Hospice family caregivers experience significantly higher rates of psychological distress than demographically similar noncaregivers. Interventions based on cognitive–behavioral therapy have been shown to reduce psychological distress in the general population by providing tools to modify thinking patterns that directly affect emotions and behavior. Such interventions might reasonably be incorporated into hospice social work; however, numerous contextual factors must be taken into account to ensure that any interventions are appropriate to the unique needs of clients. The purpose of the study discussed in this article was to contextualize one aspect of the cognitive–behavioral model based on firsthand accounts of hospice family caregivers. Following a modified grounded theory approach, researchers engaged in a secondary analysis of data from a larger study provided in a subsample of 90 audio-recorded conversations between hospice family caregivers and interventionists. Findings indicated that distressed caregivers engaged in five dominant thinking patterns: (1) “should” statements, (2) catastrophizing or minimizing, (3) personalizing, (4) absolute thinking, and (5) making assumptions. Implementing cognitive–behavioral therapies based on identified caregiver thinking patterns will allow hospice social workers to empower caregivers to cope more effectively with the numerous stressors they encounter while caring for a dying loved one.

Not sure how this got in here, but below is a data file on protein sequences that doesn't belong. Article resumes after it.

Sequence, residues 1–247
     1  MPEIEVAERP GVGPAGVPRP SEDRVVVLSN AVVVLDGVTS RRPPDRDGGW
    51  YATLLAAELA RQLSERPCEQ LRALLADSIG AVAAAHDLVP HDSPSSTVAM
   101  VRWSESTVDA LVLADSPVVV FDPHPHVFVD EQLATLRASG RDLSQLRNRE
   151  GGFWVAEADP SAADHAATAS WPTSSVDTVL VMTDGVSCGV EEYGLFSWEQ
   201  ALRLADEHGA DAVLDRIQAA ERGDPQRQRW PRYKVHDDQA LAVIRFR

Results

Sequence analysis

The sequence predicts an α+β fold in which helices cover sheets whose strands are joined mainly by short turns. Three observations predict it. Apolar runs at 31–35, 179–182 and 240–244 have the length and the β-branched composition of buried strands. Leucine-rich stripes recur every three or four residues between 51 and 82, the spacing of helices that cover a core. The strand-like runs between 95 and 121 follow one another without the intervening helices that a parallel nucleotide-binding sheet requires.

caregivers; cognitive–behavioral therapy; hospices; palliative care